Call me back

#Beeston2020Vision

 

I have lived Attenborough since 1979, and so for forty years have been ‘living, working and playing’ in (or close to) Beeston. As a retail academic, my interests focus on how reinventing the ‘retail’ offer (including services, leisure and entertainment) can help transform town centres but I believe that Beeston has many diverse strengths which can to be built upon and so contribute to the next chapter in the history of the town.

It has a strong industrial heritage, with lace and silks mills, then during the last century the home of such global leading manufacturers such as Beeston Foundry Company (later the Beeston Boiler Company) The Humber Company, Ericssons (later Plessey) and of course Boots.

However, we do need to recognise that in the 21st Century, although many of its population may ‘live and play’ in Beeston, they may often work in one of the East Midlands major cities Nottingham, Derby and Leicester and so we when it comes to major employment, Beeston is effectively a commuter satellite of these much larger, economically stronger, regional centres - in particular of course Nottingham whose western city boundary lies relatively close to Beeston town centre.

Beeston currently has a retail vacancy rate (5%) lower than the national average of around 12% and whilst it might have above average numbers of hair, beauty and nail salons and barbers, as well as estate agents, these reflect the relative health of the personal care and property markets in the catchment area (and so positive indicators of the local economy). Beeston has only around 5% of its total shop units currently being occupied by local and national charities and although many happen to be located towards the centre of High Road, that’s below the national average of 8% for towns of a similar size. Two large supermarkets occupy sites close to the main retail axis (both with large car parking provision) and help drive footfall as well as the redeveloped Square precinct.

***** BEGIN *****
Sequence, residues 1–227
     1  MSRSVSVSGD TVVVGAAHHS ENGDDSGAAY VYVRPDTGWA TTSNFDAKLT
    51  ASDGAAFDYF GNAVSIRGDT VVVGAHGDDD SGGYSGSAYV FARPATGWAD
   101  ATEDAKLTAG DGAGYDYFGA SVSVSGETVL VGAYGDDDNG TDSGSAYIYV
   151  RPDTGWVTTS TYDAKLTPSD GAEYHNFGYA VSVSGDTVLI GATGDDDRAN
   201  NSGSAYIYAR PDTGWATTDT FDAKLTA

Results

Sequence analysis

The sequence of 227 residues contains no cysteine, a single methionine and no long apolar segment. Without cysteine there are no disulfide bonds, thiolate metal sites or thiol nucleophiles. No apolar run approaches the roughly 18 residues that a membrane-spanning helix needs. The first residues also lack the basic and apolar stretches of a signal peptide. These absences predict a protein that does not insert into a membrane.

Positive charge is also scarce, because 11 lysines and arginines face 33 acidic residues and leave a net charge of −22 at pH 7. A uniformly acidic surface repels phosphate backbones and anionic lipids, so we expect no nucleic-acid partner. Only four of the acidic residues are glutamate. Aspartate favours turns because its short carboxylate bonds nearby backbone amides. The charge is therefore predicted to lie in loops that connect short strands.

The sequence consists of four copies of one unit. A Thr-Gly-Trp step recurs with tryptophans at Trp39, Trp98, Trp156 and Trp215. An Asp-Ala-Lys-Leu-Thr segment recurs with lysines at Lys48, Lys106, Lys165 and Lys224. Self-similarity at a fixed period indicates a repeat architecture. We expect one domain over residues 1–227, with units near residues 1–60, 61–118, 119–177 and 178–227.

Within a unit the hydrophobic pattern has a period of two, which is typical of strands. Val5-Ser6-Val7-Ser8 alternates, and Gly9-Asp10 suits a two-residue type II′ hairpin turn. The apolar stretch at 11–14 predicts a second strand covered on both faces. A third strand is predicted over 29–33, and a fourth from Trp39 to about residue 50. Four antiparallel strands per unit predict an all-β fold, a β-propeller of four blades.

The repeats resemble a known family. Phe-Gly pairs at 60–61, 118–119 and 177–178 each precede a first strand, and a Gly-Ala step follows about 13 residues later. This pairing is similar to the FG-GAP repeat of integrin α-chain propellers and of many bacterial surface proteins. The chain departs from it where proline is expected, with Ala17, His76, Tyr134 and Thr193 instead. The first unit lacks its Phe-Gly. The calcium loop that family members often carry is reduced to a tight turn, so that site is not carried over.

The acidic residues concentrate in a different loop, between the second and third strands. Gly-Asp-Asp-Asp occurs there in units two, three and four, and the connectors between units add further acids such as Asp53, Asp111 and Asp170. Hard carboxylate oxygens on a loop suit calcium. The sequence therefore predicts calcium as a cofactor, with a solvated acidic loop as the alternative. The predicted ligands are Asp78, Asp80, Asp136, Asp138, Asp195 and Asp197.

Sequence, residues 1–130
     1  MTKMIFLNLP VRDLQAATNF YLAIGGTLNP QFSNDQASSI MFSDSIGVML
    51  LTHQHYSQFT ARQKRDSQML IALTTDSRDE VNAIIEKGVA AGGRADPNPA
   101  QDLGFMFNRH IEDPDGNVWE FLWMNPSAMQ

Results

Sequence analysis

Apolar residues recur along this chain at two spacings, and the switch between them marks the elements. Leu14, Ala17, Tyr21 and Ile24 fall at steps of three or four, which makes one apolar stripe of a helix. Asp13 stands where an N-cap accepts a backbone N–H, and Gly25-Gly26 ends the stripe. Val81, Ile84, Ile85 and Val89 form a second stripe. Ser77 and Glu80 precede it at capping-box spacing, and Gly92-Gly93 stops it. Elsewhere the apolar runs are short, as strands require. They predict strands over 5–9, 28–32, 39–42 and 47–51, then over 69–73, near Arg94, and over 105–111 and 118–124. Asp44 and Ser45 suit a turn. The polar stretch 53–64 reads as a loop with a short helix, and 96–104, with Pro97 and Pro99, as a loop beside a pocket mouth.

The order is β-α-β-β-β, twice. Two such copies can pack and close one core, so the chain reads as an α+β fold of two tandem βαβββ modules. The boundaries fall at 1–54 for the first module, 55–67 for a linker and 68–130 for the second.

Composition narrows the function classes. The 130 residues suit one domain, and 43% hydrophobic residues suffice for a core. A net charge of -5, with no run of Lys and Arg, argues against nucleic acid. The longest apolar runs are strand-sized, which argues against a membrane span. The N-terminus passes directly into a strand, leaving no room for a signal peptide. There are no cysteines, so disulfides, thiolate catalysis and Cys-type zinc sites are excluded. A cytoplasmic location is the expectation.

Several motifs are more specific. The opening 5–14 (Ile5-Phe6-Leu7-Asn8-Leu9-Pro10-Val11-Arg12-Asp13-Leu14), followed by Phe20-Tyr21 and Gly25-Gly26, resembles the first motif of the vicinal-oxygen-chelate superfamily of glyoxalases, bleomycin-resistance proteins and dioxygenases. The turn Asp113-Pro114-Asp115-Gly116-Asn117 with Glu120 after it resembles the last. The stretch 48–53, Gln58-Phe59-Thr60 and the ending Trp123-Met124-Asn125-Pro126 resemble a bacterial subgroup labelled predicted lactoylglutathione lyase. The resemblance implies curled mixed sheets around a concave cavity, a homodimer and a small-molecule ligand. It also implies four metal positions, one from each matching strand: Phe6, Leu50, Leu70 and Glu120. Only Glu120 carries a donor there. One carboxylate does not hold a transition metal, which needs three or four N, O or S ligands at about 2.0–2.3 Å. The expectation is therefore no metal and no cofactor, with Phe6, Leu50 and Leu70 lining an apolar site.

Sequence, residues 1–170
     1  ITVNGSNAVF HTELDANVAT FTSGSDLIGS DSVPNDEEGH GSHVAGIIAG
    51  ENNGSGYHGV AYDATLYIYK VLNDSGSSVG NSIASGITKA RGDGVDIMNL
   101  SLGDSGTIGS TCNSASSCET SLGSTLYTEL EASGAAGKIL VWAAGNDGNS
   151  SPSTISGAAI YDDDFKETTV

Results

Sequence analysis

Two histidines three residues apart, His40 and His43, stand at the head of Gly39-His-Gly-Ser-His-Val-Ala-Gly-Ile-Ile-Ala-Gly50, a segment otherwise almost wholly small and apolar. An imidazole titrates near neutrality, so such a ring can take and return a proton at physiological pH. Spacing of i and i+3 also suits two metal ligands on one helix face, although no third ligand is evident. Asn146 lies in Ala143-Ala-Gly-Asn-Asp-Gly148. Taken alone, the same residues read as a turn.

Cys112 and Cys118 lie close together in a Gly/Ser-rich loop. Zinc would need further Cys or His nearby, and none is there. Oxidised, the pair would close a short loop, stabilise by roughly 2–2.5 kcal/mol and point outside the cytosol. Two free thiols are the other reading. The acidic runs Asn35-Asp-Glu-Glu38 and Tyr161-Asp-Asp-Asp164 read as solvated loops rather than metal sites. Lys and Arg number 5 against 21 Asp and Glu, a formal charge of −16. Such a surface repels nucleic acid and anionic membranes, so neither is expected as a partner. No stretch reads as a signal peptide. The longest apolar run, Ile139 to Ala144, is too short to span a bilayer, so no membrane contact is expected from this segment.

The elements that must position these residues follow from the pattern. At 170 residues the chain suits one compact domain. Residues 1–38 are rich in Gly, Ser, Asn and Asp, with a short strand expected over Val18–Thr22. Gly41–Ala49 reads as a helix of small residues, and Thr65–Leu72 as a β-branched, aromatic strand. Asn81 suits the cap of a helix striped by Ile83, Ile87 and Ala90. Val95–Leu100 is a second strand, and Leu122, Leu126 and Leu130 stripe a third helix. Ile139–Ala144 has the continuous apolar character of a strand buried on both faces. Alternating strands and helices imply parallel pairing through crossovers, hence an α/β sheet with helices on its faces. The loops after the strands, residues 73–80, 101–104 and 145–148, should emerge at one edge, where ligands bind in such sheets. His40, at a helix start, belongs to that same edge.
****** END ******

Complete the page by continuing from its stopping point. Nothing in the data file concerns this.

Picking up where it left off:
What I think Beeston needs is a central ‘agora’ - a marketplace or public square where people can gather. I don’t believe Beeston Square currently plays this role and because the main retail ‘axis’ (Chilwell Road then High Road) with one major supermarket on either side, stretches out for almost 1km from the eastern end of Chilwell to Broadgate, the ‘centre’ of the town is difficult to identify.

Finally, any future vision for Beeston needs to be focussed on four key pillars: resilience/flexibility, localness, connectivity and greening.  A town centre that is not just based on a retail offer (a mix of national retail brands and local independents) but which needs also provide leisure and entertainment, accommodation, food and beverage as well as community hubs - such as library, health and social care and education provision.

 

JOIN THE DISCUSSION

 

#Beeston2020Vision is creating a conversation about the future of our town.  To comment, question, propose on this and the other #Beeston2020Visions - visit our Facebook page:

 

https://www.facebook.com/Beeston2020Vision-110770023752592

"Thanks again for the great stay and the excellent relationship and service from you and the team at CP Walker during my time in Beeston. [Tenant of 1 year]"
Oliver van der Meer